CONFIDENCE and IRE: As noted, confidence in Obama's decision-making has deteriorated markedly. Forty-seven percent trust him to make the right decisions for the country's future, down from 61 percent when he took office. Fifty-three percent don't, up from 37 percent.
But that's better than the other chief players in Washington politics. Far more Americans, 75 percent, don't trust the Republicans in Congress to make the right decisions for the country's future; just 24 percent do -- up 5 points from its nadir in October, but still only half Obama's level of trust. Sixty-eight percent don't trust decision-making by the Democrats in Congress, up 12 points since January. Thirty-two percent do.
Some ire is also deflected by the fact that far more Americans blame the country's economic straits on the Bush administration, for inadequate regulation of the financial industry -- 67 percent -- than separately blame Obama, for not doing enough to turn things around, 36 percent. It's true, too, that today's 62 percent "wrong track" figure, while 14 points worse than its recent best last spring, is still better than its record 90 percent in October 2008.
Also, while 42 percent call the economy the single biggest problem for the president and the Congress to address, still far and away the top item, it's down from 66 percent a year ago. That reflects a large rise in the number who cite health care as the top problem, now 24 percent.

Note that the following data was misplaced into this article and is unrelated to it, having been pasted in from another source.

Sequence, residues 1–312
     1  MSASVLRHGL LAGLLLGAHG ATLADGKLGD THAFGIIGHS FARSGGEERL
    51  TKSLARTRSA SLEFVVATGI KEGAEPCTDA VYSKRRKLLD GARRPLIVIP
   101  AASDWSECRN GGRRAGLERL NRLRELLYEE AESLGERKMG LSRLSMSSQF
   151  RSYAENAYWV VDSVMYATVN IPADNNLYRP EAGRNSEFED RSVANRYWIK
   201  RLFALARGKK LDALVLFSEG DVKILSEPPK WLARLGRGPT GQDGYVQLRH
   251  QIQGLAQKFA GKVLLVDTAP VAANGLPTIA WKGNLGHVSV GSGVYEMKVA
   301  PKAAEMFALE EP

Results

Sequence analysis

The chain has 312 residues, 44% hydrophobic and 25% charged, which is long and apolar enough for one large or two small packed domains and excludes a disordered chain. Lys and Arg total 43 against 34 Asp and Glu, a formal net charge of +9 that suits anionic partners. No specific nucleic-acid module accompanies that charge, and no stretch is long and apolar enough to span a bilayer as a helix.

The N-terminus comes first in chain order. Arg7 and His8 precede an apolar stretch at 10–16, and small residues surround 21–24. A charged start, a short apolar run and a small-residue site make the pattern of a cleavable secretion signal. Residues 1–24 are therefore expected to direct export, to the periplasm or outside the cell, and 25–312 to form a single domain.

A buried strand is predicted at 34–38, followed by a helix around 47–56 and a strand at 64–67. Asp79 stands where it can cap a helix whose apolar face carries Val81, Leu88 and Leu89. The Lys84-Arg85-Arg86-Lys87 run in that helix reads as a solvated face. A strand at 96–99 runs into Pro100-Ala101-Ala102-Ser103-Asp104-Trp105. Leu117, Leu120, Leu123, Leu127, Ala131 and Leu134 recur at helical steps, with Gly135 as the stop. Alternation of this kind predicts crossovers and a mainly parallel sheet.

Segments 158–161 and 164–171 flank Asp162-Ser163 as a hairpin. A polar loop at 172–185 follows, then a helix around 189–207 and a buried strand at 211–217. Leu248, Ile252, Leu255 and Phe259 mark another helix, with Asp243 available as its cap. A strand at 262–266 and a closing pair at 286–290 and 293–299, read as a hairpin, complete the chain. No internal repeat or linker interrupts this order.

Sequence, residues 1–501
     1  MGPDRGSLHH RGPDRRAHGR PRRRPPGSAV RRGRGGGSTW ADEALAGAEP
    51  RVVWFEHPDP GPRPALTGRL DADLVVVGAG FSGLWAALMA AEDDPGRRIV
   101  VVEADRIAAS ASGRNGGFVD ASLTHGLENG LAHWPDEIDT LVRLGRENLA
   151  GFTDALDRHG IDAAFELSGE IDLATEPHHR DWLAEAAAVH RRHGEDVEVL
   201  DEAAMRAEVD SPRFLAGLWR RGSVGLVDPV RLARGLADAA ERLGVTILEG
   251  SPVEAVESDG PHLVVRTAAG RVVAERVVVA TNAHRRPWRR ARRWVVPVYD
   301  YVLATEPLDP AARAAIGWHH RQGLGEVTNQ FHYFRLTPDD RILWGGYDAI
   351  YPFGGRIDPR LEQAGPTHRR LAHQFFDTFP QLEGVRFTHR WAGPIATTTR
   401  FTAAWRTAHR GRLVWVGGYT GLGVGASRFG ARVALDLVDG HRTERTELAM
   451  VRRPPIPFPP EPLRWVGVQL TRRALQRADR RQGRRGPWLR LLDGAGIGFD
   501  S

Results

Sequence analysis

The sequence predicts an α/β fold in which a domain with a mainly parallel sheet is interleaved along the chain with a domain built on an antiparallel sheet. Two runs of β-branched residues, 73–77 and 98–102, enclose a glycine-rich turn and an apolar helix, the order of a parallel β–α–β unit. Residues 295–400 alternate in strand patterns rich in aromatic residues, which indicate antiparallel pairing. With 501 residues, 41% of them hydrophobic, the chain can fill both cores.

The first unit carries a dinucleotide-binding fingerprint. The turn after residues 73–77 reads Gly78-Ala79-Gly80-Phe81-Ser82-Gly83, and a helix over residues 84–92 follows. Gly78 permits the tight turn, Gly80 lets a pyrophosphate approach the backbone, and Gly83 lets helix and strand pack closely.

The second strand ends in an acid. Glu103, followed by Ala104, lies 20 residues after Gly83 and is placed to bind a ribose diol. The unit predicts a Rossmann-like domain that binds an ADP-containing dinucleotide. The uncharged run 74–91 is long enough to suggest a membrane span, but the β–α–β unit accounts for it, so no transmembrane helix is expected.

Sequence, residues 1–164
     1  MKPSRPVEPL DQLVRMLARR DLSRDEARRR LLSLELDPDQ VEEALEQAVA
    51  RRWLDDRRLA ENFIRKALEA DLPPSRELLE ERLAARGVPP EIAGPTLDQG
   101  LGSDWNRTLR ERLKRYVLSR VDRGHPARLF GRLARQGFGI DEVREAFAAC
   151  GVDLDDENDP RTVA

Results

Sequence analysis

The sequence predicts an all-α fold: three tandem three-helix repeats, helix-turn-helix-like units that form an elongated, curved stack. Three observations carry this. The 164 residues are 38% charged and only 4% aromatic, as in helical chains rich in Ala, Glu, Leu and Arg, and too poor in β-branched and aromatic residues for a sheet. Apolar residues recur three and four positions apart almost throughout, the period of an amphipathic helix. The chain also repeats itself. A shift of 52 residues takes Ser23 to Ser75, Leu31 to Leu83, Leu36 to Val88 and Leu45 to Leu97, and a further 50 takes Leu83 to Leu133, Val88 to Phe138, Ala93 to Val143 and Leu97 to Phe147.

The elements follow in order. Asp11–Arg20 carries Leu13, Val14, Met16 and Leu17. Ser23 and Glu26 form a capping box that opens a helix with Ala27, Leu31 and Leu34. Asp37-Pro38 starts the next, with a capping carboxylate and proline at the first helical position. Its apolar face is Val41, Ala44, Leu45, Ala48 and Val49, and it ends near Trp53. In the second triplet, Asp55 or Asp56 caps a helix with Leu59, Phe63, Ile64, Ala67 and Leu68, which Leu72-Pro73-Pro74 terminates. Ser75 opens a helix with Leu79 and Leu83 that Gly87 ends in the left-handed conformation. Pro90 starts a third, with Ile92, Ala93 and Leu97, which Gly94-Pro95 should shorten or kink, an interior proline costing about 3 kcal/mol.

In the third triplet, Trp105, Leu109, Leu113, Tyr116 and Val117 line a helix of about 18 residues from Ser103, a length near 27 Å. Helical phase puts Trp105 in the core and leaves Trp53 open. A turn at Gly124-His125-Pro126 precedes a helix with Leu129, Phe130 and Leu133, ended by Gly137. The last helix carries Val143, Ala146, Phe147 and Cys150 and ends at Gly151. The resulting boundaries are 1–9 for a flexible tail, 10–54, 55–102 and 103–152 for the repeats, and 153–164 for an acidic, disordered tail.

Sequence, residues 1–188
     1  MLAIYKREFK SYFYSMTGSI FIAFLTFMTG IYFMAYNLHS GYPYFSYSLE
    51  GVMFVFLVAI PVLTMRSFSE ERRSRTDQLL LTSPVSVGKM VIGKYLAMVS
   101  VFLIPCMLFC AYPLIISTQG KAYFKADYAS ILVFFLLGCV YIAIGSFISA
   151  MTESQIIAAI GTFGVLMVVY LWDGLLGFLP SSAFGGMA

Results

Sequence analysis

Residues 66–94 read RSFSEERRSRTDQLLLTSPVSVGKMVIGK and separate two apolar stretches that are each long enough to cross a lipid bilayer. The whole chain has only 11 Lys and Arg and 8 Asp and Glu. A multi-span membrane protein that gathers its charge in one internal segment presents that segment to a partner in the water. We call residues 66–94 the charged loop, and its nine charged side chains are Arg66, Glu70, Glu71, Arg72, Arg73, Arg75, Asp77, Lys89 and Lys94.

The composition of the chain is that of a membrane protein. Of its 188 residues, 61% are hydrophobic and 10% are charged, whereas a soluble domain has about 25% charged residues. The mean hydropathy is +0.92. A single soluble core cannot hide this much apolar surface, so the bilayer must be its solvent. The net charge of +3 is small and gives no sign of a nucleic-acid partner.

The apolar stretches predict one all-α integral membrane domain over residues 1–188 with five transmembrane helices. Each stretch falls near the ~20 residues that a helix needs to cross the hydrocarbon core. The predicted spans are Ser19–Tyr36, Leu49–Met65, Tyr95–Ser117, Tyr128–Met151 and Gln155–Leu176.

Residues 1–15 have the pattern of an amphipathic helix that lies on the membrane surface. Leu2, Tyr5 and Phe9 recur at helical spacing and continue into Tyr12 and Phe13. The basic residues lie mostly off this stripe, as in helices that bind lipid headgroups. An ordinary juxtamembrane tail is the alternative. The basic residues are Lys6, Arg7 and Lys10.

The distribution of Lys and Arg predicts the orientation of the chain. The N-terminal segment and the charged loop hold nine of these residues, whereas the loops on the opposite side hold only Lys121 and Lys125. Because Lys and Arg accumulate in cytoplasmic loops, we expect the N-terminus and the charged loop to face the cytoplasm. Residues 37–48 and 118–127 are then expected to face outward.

PRECEDENTS: To a large extent Obama's treading the predicted path for a president presiding over 10 percent unemployment. His course in approval almost precisely matches that of the last president to take office in the tempest of a recession, Ronald Reagan, who went from 68 percent job approval shortly after he took office to 52 percent at the one-year mark. Obama's gone from 68 percent to 53 percent in the comparable period. Their first-year ratings correlate at .88, with 1 representing a perfect match.
The worrying news for Obama is that Reagan went on to slip below 50 percent and pretty much stayed there throughout his second year, bottoming out at 42 percent at the two-year mark (and losing 26 House seats en route). He recovered only when the economy did.
Better for Obama is the long-term precedent; Reagan did recover, and completed his two-term presidency with an average 56 percent approval, solidly in the midrange for a postwar president.
Some of Obama's ratings also call to mind another previous president. In January 1994, with the public mood fouled by a recession hangover, just 37 percent of Americans said Bill Clinton was keeping most of his major campaign promises, and 53 percent said he hadn't accomplished much so far -- both similar to Obama's ratings now. Clinton, however, went on to end his two terms with an average 57 percent approval, almost identical to Reagan's.
The net change for Obama in his first year, down 15 points, is about the same as it was for Jimmy Carter as well as Reagan, and was worse for two presidents (both unelected) -- Harry Truman, down 36 points in his first year, and Gerald Ford, down 26 points.